Professional Service Agreement

Amended ADA Has Important Implications for Employers

October 22, 2008

On September 25, 2008, the President signed the Americans with Disabilities Act Amendments Act of 2008 (ADAAA). Employers with 15 or more employees are required to comply with this federal law.

The Act makes important changes to the definition of the term "disability" by rejecting the holdings in several Supreme Court decisions and portions of the EEOC's ADA regulations. The Act expands the protections of the original ADA to include more individuals with less severe impairments, and many experts believe this will result in an increased number of claims of discrimination filed under the ADA. The Act is effective as of January 1, 2009.

The Act retains the ADA's basic definition of a disability as:

? Having a physical or mental impairment that substantially limits one or more major life activities;
? Having a record of such an impairment; or
? Being regarded as having such an impairment.

However, the ADAAA has expanded the definition of "major life activities" to include:

? Caring for oneself
? Performing manual tasks
? Seeing
? Hearing
? Eating
? Sleeping
? Walking
? Standing
? Lifting ? Bending
? Speaking
? Breathing
? Learning
? Reading
? Concentrating
? Thinking
? Communicating
? Working

The ADAAA also adds a new major life activity category ? "major bodily functions", which includes, but is not limited to:

? Functions of the immune system
? Cell growth
? Digestive, bladder, and bowel functions
? Neurological and brain functions
? Respiratory and circulatory functions
? Endocrine functions
? Reproductive functions

Other significant elements of the ADAAA include the following:

? The determination of whether an impairment substantially limits a major life activity must be made without regard to the use of mitigating measures such as medication, medical equipment, prosthetics, hearing aids, mobility devices, oxygen equipment, etc. Simply put, if an employee's condition would qualify without such aids, consider the person to have a protected disability. There is one exception, however, for ordinary eyeglasses and contact lenses.

? An impairment that is "episodic or in remission" is a disability even when inactive "if it would substantially limit a major life activity when active." Examples may include cancer, epilepsy, and post-traumatic stress disorder.

? An individual subjected to an action prohibited by the ADA (for example, failure to hire) because of an actual or perceived impairment will meet the "regarded as" definition of disability, unless the impairment is minor and "transitory" (actual or expected duration of the impairment is 6 months or less).

? Employees without disabilities cannot sue for "reverse discrimination" under ADA.

Broad Coverage

The ADAAA states that "the definition of disability in this Act shall be construed in favor of broad coverage of individuals under this Act, to the maximum extent permitted under the terms of the Act." It is clear that the changes in this Act will benefit employees by making it more likely that they will qualify for reasonable accommodations and the ADA's protections.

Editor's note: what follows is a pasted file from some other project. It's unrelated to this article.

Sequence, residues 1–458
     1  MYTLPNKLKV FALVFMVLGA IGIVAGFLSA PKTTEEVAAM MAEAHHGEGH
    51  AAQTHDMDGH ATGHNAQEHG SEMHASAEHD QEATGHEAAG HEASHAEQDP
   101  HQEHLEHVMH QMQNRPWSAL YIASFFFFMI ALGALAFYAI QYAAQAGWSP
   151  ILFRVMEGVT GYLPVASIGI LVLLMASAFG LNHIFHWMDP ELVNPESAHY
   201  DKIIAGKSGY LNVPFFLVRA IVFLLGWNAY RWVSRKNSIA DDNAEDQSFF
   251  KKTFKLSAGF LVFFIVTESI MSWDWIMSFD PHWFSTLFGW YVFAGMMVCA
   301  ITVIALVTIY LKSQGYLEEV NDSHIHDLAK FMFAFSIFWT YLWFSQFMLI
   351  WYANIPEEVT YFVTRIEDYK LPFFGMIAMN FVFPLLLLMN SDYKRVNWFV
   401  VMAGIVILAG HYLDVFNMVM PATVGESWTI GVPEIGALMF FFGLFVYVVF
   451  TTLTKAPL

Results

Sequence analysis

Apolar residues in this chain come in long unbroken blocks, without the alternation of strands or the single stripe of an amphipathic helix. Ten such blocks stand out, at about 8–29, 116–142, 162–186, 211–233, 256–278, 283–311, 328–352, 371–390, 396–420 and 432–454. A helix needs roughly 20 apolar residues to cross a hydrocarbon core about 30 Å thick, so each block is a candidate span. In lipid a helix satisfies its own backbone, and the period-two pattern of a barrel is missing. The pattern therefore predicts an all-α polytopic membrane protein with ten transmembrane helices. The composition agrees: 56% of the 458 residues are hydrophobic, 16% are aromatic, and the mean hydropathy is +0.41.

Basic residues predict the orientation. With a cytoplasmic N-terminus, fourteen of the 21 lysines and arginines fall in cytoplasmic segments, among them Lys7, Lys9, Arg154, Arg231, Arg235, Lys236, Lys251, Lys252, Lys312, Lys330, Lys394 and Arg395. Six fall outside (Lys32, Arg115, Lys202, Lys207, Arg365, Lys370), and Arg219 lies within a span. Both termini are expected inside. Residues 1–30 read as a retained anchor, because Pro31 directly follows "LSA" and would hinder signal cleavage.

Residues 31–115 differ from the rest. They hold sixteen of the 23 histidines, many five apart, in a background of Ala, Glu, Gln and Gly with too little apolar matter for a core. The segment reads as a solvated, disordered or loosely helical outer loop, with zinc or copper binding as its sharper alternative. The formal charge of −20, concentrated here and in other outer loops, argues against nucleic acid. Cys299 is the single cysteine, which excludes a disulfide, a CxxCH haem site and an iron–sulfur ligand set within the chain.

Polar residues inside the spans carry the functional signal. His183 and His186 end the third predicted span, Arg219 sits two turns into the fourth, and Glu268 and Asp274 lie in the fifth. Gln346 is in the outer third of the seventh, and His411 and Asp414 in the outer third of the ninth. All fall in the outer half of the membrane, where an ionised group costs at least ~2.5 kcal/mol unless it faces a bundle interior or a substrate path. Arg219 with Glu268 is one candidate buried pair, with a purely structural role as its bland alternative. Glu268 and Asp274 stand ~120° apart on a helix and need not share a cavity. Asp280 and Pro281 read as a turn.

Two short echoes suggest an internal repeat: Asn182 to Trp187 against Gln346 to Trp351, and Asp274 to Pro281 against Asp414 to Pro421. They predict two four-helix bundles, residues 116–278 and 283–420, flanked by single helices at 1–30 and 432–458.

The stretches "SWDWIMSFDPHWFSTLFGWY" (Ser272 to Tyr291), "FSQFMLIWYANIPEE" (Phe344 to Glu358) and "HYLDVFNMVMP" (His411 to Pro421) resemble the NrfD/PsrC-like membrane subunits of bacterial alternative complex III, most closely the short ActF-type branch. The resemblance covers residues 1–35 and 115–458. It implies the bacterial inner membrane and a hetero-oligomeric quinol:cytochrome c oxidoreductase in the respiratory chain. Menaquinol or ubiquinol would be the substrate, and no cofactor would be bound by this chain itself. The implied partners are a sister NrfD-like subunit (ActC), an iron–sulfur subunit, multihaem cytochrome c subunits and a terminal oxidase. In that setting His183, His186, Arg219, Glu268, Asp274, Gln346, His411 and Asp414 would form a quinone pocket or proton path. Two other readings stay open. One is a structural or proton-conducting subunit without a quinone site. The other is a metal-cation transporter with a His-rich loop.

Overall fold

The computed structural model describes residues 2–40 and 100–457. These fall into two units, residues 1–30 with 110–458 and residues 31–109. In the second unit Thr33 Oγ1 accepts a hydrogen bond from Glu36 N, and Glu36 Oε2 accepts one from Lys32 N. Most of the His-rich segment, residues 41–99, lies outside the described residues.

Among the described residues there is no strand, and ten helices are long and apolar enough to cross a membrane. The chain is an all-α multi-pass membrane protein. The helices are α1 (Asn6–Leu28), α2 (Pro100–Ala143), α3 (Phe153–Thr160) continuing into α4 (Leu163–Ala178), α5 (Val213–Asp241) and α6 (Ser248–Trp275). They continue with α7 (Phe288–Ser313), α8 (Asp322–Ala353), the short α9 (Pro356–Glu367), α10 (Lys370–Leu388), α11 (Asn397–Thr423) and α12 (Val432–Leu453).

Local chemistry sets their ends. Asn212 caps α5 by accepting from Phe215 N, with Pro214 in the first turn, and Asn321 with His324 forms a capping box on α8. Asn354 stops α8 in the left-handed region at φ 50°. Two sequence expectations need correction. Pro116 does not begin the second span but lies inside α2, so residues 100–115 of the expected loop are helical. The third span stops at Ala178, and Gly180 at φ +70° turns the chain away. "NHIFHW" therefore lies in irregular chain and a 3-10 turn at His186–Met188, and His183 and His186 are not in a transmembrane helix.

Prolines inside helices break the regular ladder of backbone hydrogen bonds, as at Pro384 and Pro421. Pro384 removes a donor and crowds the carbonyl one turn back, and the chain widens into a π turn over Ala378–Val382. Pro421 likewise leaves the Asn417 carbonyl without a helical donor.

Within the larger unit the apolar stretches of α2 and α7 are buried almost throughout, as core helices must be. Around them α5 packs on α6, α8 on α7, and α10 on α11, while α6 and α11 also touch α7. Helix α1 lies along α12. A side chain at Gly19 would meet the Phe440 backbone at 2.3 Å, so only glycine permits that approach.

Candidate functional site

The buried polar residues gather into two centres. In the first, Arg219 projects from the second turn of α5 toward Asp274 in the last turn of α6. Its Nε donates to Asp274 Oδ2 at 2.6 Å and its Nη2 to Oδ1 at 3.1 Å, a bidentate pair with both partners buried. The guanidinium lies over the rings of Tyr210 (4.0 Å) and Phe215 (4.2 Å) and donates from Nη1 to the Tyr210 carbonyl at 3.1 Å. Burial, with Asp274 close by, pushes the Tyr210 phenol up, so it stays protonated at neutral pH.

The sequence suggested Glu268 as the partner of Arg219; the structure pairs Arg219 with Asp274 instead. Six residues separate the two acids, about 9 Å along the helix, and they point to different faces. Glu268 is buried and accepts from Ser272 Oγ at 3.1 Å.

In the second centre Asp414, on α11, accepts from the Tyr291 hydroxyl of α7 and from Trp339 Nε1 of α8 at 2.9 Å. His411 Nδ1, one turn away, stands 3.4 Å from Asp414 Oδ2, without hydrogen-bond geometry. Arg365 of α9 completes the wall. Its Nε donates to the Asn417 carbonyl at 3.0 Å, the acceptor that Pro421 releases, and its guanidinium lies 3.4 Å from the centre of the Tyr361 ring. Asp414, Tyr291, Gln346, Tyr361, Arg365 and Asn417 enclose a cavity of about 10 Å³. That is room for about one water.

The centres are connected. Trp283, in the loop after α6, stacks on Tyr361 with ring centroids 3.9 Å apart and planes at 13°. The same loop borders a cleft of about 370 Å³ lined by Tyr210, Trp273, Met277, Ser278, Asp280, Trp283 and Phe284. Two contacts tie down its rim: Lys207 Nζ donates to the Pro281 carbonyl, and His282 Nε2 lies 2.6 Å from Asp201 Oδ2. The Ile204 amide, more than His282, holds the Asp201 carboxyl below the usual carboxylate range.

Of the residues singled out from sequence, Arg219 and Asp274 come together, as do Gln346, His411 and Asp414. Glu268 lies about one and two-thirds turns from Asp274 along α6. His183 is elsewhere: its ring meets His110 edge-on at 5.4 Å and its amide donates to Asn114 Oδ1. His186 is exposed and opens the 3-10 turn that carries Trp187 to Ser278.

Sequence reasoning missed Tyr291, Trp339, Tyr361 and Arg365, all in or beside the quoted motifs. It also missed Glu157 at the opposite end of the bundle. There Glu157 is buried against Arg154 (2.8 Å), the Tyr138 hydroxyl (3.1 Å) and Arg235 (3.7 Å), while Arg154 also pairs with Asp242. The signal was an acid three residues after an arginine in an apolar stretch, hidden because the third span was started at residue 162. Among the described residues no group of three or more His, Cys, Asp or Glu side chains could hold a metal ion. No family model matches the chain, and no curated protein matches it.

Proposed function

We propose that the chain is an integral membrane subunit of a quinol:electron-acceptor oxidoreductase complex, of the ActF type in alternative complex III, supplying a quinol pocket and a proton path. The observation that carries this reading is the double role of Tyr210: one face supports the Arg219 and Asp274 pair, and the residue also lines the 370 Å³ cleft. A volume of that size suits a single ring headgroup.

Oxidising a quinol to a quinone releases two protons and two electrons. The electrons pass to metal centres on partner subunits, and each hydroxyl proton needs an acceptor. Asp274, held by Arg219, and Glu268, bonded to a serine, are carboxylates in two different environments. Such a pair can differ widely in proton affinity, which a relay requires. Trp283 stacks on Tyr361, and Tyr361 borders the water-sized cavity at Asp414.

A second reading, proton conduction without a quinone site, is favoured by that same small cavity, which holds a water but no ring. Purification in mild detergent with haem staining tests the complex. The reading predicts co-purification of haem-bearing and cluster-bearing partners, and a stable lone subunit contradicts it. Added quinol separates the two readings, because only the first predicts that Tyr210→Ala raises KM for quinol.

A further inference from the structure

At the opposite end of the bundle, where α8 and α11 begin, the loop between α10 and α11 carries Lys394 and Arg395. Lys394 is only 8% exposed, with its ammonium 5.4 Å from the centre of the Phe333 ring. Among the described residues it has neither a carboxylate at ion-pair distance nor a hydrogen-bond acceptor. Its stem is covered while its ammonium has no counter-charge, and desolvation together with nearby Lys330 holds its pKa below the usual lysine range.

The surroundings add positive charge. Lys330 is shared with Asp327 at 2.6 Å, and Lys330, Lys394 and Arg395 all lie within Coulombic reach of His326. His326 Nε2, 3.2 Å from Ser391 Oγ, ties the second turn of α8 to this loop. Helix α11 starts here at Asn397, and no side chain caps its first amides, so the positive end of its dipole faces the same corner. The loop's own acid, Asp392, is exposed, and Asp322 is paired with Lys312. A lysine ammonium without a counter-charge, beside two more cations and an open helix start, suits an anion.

Furthermore, the ADAAA states that the intent of these changes is that employers stop engaging in "extensive analysis" to determine what constitutes a disability under the law, and focus instead on complying with their obligation not to discriminate and to provide reasonable accommodations to individuals who are otherwise qualified to do a job.

What To Do:

In light of the changes to the Americans with Disabilities Act, SESCO recommends that you take the following action:

? Review job descriptions to ensure that elements of the job listed as essential functions are truly job-related and consistent with business necessity.

? Update policies and procedures to reflect the changes made the by the ADAAA.

? Ensure there is a formalized process in place for addressing requests for reasonable accommodations.

? Educate supervisors and managers about the ADAAA changes.

? Advise supervisors and managers to consult with Human Resources (or SESCO) whenever an employee requests an accommodation. Stress that they don't immediately refuse the request or retaliate in any way against the individual for making the request.

? Reconsider past accommodation requests from current employees who were denied accommodation because it was determined that the employee's impairment did not satisfy the ADA's definition of a disability.

? When in a position to take adverse action against an employee with a medical condition, be sure to have well drafted documentation of the legitimate, non-discriminatory reason for the action.

SESCO encourages all employers who must comply with the ADAAA train all managers and supervisors on an annual basis. SESCO offers the following on-site in-service. Also inquire about our telephone or web conferencing capabilities.

? Americans with Disabilities Act Amendment Act (ADAAA)
Scope — What is Covered?
? Employer Coverage
? Who is Covered or Protected by the ADAAA?
? Defining a Qualified Disability
? What is not Covered by ADAAA?
? What the ADAAA Requires of Employers
? Employer Actions Which May Constitute Discrimination
? ADAAA Compliance — Key Points to Remember
? How ADAAA Affects the Hiring Process
? Process of Determining The Appropriate Reasonable Accommodation

If you have questions about this change, please contact Phil Richards, Director of Client Services, at or call 423-764-4127.